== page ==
On warmer summer trips I will almost always reach for my quilt. Being able to have that versatility and temperature control is invaluable on hot nights when my tent can get too hot and sweaty.
On the other hand, I have had some cold nights under a quilt, being woken up by cold drafts, I am more hesitant to use them for cold trips (anything less than 35°F/2°C and I’ll be using a sleeping bag).
If I’m taking a quilt and I know the weather may turn, I make sure to take a good set of base layers with me, this helps to overcome some of the drafts you might feel and I find I sleep better this way.
When we asked bike packers at which temperature would they use a quilt, it appears my preference is quite a popular one. The majority of people using preferring to use quilts between 40°F and 50°F.
We asked those same bike packers how many of them used a sleeping bag or a quilt most often. As you can see, sleeping bags are still much more popular than quilts however this is likely due to sleeping bags’ general popularity.
Are backpacking quilts good for side sleepers?
I fall into that weird category of side sleepers, so I know how important this question is.
Quilts have some advantages for side sleepers, as well as some disadvantages.
First of all, as I sleep on my side I tend to move around more. Quilts are great for this as they don’t trap me as a sleeping bag does.
On top of this, quilts come in very wide options now. My main concern with a quilt was that my bum might stick out of the quilt at night and get cold. However, if you make sure to get a 50″ or 55″ wide quilt then you don’t need to worry about this at all.
I have used smaller quilts though, and in those cases, I did actually notice this happening.
So overall, there’s a risk with side sleepers that you might find part of your body (knees or bum) comes out for the quilt if you are using a thin quilt, but if you manage to get a wide one, they are a great option that provides lots of freedom.
How to add warmth to a backpacking quilt
So we’ve established that quilts are a great option while bikepacking, provided it isn’t too cold. So how can we make a backpacking quilt warmer?
The first thing to do is wear base layers under you the quilt while you are going to bed. This helps to stop any particular bad drafts from hitting your body.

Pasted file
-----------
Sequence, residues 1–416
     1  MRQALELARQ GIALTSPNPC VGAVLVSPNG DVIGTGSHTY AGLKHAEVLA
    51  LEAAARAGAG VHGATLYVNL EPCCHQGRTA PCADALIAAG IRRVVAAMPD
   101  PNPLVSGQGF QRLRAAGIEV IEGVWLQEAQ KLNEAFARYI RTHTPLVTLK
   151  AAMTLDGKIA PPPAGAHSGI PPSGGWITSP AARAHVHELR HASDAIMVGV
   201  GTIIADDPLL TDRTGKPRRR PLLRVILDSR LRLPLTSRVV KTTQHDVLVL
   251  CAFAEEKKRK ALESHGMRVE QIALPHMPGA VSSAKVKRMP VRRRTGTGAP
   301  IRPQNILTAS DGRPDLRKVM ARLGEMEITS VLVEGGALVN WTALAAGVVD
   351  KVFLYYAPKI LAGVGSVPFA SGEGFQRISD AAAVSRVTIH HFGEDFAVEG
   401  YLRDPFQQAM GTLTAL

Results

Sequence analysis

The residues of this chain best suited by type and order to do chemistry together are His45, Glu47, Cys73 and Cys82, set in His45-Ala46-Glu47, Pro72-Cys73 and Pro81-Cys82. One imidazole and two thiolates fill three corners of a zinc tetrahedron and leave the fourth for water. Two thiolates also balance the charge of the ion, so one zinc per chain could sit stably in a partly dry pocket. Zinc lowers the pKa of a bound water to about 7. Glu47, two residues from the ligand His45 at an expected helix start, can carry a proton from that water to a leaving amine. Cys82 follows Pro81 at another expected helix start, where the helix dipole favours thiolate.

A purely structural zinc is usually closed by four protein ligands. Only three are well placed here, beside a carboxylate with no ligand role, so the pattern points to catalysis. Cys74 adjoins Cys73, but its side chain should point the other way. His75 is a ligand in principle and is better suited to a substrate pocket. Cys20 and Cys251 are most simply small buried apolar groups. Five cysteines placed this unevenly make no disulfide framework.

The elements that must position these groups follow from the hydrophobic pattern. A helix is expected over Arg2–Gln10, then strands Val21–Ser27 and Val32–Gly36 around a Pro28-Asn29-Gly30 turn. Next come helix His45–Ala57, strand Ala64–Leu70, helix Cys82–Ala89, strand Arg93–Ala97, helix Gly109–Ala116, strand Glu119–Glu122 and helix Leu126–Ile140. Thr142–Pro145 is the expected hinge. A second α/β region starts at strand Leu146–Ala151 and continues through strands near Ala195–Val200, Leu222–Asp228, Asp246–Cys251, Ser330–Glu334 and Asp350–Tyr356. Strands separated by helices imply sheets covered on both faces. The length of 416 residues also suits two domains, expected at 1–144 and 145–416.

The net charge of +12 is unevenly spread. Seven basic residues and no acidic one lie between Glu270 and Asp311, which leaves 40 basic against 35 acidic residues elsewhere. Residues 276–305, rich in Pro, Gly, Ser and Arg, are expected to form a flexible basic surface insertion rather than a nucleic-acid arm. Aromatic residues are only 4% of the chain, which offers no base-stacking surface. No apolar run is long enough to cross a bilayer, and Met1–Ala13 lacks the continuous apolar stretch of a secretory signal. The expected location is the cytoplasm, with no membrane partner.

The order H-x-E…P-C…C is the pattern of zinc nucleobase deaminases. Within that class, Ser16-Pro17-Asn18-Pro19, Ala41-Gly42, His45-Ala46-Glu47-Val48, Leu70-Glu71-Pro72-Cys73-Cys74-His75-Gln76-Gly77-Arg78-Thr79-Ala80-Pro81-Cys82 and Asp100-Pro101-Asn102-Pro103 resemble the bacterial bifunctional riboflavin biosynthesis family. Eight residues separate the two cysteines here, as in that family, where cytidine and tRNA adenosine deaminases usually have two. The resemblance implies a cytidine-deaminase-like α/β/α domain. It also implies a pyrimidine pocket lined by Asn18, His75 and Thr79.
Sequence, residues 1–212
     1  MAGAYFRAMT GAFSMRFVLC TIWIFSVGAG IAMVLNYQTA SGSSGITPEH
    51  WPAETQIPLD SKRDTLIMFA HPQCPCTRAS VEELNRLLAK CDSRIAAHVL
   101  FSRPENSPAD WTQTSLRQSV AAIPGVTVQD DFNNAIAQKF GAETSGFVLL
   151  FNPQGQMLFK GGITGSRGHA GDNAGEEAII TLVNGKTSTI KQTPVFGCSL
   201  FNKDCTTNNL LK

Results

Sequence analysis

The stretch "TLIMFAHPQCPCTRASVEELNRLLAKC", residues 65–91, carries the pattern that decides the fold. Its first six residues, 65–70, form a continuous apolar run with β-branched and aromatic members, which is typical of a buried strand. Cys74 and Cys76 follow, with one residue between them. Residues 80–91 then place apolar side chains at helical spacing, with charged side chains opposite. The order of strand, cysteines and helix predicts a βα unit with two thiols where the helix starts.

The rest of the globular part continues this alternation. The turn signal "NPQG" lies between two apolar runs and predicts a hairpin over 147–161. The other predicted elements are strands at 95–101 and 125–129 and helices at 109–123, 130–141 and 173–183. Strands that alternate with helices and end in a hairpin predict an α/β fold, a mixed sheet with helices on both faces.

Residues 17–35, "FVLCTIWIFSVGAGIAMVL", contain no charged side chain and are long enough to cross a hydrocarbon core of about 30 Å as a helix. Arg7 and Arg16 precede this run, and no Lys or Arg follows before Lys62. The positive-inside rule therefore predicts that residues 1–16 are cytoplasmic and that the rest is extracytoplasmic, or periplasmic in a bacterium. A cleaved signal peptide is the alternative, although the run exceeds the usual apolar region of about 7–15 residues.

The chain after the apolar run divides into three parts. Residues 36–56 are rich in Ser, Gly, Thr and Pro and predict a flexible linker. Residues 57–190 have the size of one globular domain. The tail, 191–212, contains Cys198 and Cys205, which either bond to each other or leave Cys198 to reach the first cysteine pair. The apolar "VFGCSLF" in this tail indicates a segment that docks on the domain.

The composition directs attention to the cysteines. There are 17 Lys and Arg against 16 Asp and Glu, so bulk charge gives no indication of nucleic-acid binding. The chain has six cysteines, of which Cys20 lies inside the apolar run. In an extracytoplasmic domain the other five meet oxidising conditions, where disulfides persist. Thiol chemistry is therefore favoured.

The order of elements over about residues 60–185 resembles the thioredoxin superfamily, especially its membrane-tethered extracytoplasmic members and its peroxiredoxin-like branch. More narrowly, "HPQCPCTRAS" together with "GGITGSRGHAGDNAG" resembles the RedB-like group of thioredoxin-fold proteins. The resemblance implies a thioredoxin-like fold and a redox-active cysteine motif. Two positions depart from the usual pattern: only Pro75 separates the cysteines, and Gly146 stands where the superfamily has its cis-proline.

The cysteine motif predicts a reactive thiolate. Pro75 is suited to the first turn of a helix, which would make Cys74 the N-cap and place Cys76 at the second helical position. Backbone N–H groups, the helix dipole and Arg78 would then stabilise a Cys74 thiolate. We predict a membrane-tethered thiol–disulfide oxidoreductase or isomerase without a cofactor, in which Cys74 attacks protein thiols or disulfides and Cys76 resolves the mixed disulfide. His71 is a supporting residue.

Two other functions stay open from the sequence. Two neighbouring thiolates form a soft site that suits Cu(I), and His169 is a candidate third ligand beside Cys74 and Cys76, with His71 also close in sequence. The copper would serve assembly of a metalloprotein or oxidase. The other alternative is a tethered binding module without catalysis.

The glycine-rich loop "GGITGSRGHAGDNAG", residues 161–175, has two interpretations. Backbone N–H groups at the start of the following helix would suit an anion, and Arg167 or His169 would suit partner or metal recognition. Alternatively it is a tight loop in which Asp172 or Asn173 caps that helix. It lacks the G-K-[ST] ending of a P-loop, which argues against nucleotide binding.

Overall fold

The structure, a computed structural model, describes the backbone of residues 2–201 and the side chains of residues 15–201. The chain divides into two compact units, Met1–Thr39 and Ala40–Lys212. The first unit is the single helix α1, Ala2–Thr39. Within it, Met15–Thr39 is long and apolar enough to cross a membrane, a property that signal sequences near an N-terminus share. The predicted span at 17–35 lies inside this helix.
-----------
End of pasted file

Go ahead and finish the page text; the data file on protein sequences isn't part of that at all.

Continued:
Apart from making sure you are wearing suitable clothing, the other key step to keeping warm with a quilt is to make sure you are insulating your head. Wearing a hat or down hood over your head can really help to keep your warmth in overnight.
Another common tip used by bike packers and campers is to take a Nalgene bottle or hot water bottle with you under the quilt at night. Fill these with boiling water before you go to bed and these will likely stay warm until morning (unless you are in the coldest conditions). These can be great for keeping areas such as your feet and hands warm.
It’s also important to make sure the quilt you have bought is suitable for low temperatures. Some quilts are rated down to 20°F (-7°C), however, these are the most expensive options.
If after you’ve reviewed your quilt for its temperature rating, you should also take a look at the sleeping pad you have. As backpacking quilts have no back to them, they are really of the sleeping mat you are using to provide insulation to your body from the floor. If you have a budget sleeping pad, it is not worth investing in a more expensive quilt as you will still be cold!
If this still isn’t working you can consider adding a second blanket or quilt on top of the quilt you are using. This will add another level of insulation for you overnight, however, is not money or weight-efficient.
Backpacking quilts make a great choice for bikepacking. They have many key advantages such as being lightweight and easily packable while giving great shelter down to all but the lowest temperatures.
I am a big advocate for sleeping quilts, especially in the summer months when the ability to regulate your temperature overnight is invaluable. If you’re thinking about getting a quilt for bikepacking, I’d suggest the Therm-a-Rest Corus 20°F Quilt.